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April 23 is known as World Book and Copyright Day. It was started by UNESCO to commemorate the death anniversaries of William Shakespeare © Getty Images

April 23 is celebrated as World Book and Copyright Day throughout the world. The occasion was initiated in 1995 by UNESCO to commemorate the death anniversaries of Miguel de Cervantes, William Shakespeare, Josep Pla, and Garcilaso de la Vega. Arunabha Sengupta and Abhishek Mukherjee look at “the other” William Shakespeare on the auspicious day.

This article dealeth not with thy William Shakespeare who was not’d f’r his ken of moe things in heaven and Earth than were dreamt in po’r Horatio’s philosophy. This is a tale told of Wing Commander William Harold Nelson Shakespeare, OBE MC AFC, a forgotten batsman of sorts who play’d 26 First-Class matches f’r Worcestershire without much ado f’r the scorers.

Born in Worcester on August 24, 1893, Shakespeare was moe fame’d as a Pilot in the Royal Flying Corps (later beknownst as Royal Air Force). The Military Cross was granted in 1918 after with valour he bore the yoke of patrols twofold in weather outrageous and fire that blazed and  burn’t.Thus was he named “a gallant and determined pilot”. A few months hence he didst win the Air Force Cross. He was, after all, a singularly brave man: he knew that cowards die many times ‘ere their deaths; the valiant nev’r tastes of death but once.

Shakespeare (ah, what’s in a name?) made his First-Class debut against Warwickshire at Edgbaston in 1919 and scor’d 62 and 67 undefeated both times against the arrows and traps of the bowlers. Unfortunately, the second-innings score remain’d the highest tide in his affairs of First-Class cricket. He scor’d only two fifties moe in all his days, afore his exit with 789 runs at 19.72.

But he play’d on till 1931, f’r he knew that if cricket was the food of love, one shouldst play on. The course of his true love f’r the sport nev’r did run smooth. Unkindness of fortune did defeat his bat oft, but never tainted his love for the sport. As long as thither was summer ’twas a bat he could see ’ere him, the dudgeon towards his hand. The dilemma of being ’r not being struck him thereafter, and his mind’s eye told him to quit First-Class cricket f’r good. He did.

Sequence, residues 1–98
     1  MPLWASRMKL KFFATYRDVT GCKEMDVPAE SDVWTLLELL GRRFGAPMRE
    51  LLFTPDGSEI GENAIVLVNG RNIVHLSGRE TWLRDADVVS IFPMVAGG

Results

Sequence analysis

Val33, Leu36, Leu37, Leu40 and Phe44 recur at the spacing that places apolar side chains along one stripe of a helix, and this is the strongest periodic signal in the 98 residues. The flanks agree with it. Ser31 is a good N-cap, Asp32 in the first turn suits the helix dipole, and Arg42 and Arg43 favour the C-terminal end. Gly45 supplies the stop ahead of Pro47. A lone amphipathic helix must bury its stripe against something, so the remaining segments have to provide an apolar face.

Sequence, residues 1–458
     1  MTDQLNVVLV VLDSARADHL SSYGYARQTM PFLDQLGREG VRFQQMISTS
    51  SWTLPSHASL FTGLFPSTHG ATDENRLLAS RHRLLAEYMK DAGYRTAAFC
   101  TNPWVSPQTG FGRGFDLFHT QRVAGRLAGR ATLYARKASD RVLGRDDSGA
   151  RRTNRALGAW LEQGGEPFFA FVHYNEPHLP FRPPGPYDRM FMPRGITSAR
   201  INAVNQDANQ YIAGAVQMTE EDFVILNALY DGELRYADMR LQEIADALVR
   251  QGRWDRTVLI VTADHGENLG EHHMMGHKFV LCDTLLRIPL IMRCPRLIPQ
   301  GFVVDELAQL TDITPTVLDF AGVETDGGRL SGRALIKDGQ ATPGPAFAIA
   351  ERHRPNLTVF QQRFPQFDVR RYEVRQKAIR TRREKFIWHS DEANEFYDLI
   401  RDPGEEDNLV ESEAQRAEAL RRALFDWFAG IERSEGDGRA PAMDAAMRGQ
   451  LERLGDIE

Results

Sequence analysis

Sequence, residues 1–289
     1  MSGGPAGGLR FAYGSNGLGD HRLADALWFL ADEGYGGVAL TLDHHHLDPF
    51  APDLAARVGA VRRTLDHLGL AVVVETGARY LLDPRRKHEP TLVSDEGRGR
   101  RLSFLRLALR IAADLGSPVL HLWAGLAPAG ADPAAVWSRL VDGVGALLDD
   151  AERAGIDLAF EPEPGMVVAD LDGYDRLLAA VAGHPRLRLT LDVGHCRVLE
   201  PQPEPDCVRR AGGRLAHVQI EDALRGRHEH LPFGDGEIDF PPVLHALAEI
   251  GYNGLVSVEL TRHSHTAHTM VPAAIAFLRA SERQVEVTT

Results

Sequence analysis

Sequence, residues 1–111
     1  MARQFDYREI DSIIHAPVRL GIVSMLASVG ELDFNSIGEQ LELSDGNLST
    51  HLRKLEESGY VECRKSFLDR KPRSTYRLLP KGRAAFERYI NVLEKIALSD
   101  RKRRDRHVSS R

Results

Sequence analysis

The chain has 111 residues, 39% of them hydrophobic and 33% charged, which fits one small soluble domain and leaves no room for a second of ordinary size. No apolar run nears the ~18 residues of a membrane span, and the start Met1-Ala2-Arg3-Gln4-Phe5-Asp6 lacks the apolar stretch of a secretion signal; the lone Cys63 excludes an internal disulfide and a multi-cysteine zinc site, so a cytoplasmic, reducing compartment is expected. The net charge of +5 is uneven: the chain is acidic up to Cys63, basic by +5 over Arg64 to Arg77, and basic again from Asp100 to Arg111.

Anon did he turn one of the pioneers of air — of military and civil transport aviation. He was the Captain of the first pan-European flight from London of the Globe to Athens — that ancient land from whence Timon hadst sprung. If he couldst, he would belike hast put a girdle about the Earth in forty minutes. Shakespeare went on to become the President of RAFA and Worcestershire County Cricket Club, and play’d a crucial role in arranging the Victory Test matches against Australia, after the last blast of World War II had blown in the ear,  post the last cry of havoc and the last whimper of the dogs of War.

He had seen that death, a behoveful end, would come when it would come. He finally met death in the eye when he breath’d his last at Whittington on July 10, 1976. The world, he knew, was a stage, and his time to leave the stage had come.

In a place far, far aroint from this world of woes and sorrows, he would hast met his favourite Handley Page 0.400 aircraft and his season’d willow. The three didst meet again in thunder, lightning, ’r in rain, when the hurlyburly was done, when the battle was lost and won. Grasping the bat did fly after the merrily summer of life. If it had end’d well, as thou wot, all was well.

(Arunabha Sengupta is a cricket historian and Chief Cricket Writer at CricketCountry. He writes about the history and the romance of the game, punctuated often by opinions about modern day cricket, while his post-graduate degree in statistics peeps through in occasional analytical pieces. The author of three novels, he can be followed on Twitter at http://twitter.com/senantix)

(Abhishek Mukherjee is the Deputy Editor and Cricket Historian at CricketCountry. He blogs at http://ovshake.blogspot.in and can be followed on Twitter at http://www.twitter.com/ovshake42)